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Trump travel ban allowed full enforcement
The US Supreme Court has ruled the third version of President Trump's travel ban can go into full effect, as legal challenges continue.

Seven of nine justices lifted injunctions on Monday imposed by lower courts against the policy.

 

Federal appeals courts in San Francisco and Richmond will now hear arguments on whether the reinstatement of the policy is lawful.

 

Student visas remain valid routes of entry, except for North Korea and Syria nationals, although students will be subject to additional vetting.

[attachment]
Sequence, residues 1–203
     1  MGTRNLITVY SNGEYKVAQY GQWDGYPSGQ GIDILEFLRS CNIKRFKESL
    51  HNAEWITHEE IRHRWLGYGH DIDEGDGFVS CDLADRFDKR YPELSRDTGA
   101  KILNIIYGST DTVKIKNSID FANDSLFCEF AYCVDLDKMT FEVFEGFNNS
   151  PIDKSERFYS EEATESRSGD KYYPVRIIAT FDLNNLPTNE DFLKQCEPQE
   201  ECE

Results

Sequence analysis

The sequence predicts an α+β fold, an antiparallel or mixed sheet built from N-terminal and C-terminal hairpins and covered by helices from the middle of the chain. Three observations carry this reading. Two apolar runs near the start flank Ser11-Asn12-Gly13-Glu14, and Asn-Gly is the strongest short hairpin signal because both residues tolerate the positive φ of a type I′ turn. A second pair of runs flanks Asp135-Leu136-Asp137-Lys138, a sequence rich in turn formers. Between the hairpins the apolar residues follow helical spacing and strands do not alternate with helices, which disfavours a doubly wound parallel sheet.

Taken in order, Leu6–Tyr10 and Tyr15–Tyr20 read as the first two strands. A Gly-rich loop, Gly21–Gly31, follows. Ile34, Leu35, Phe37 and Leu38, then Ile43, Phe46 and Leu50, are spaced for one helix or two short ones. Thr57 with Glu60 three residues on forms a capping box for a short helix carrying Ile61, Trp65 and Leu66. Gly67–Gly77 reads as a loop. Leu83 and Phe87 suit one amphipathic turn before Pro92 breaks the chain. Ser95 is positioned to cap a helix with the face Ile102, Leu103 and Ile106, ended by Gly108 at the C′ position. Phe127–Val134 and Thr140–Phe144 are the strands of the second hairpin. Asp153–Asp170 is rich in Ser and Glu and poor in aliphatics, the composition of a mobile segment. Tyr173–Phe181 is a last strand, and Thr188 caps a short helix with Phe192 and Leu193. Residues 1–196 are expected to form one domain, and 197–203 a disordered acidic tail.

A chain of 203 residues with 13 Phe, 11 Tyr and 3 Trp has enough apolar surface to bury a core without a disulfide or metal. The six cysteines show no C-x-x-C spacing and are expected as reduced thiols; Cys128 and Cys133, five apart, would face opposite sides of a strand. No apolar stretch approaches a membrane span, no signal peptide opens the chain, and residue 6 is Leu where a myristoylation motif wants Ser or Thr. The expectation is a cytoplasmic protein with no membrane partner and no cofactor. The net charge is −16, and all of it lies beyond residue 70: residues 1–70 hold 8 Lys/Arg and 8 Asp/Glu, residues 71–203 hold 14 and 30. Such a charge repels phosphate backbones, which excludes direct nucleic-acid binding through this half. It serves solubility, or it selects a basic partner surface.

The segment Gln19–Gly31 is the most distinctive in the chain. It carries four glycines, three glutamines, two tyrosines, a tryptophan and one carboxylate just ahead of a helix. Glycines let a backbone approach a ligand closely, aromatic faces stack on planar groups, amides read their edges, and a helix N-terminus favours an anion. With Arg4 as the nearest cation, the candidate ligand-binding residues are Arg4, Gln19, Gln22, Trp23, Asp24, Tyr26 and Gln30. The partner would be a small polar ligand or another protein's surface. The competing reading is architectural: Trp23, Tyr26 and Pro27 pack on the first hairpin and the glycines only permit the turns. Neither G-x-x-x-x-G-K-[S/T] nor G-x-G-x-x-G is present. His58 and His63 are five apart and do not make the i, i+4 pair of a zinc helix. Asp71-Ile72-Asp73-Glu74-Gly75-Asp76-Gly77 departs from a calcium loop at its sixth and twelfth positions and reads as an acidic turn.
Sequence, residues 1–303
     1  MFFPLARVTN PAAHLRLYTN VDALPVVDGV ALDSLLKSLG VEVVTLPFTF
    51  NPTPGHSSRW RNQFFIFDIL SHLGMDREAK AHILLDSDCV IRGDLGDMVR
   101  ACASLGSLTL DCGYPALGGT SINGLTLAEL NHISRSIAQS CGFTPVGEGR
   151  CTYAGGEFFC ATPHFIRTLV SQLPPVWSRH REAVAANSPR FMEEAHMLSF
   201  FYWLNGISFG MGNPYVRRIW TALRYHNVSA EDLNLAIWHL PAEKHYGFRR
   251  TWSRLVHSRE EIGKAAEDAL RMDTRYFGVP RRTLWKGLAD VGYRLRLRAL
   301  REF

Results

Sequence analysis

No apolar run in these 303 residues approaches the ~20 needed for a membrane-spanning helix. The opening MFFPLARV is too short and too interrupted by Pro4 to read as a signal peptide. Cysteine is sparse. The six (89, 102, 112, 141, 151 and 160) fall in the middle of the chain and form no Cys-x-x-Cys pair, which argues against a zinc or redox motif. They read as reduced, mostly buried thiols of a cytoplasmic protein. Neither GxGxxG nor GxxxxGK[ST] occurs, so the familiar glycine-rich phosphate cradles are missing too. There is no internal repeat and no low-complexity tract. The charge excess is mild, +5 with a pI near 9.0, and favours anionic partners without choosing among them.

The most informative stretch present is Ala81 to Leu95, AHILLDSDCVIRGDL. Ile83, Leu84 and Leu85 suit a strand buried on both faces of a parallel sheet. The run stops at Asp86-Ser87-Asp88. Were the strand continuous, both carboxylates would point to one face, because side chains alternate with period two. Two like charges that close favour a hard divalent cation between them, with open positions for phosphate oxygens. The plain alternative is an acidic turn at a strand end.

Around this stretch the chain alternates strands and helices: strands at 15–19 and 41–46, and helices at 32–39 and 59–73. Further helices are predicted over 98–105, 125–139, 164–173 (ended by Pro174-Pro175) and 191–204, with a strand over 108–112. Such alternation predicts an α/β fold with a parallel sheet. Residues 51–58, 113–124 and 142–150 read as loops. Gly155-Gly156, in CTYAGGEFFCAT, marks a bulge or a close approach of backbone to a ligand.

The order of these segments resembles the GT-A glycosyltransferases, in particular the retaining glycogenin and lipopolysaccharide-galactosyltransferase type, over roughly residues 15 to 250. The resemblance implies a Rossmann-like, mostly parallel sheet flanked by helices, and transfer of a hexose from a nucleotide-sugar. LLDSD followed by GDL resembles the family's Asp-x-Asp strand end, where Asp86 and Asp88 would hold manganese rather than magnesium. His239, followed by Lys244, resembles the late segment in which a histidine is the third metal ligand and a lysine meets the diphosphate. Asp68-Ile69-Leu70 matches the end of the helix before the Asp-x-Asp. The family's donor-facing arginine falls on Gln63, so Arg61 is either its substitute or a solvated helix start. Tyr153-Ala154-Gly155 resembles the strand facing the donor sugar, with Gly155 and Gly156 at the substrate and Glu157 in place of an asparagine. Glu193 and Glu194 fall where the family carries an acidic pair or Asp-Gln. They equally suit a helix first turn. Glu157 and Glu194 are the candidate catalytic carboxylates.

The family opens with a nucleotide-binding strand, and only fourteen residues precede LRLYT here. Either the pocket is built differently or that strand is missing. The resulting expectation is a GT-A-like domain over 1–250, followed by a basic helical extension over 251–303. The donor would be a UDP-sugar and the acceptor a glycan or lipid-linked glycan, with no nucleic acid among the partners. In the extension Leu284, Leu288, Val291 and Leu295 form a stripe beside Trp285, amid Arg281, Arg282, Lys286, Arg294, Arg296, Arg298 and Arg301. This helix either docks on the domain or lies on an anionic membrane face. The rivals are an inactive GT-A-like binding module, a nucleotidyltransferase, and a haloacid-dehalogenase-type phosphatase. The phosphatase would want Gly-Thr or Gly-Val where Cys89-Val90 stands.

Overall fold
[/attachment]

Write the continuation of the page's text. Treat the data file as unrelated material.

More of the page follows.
The original order, issued in January, barred people from seven countries - Iran, Iraq, Syria, Yemen, Somalia, Sudan and Libya - from entering the USA for 90 days, but was later blocked by federal courts.

 

A revised order in March restored a 90-day travel ban for citizens of six of the seven countries, with Iraq removed from the list, but allowed all foreign nationals with a valid visa to travel.

 

The latest presidential proclamation, issued in September, bans nationals of Chad, Iran, Libya, Somalia, Syria and Yemen from entering the US.

 

It also covers travellers from North Korea and certain government officials from Venezuela, but lower courts had already allowed those provisions to take effect.

 

By Jared Tinslay

Editorial Assistant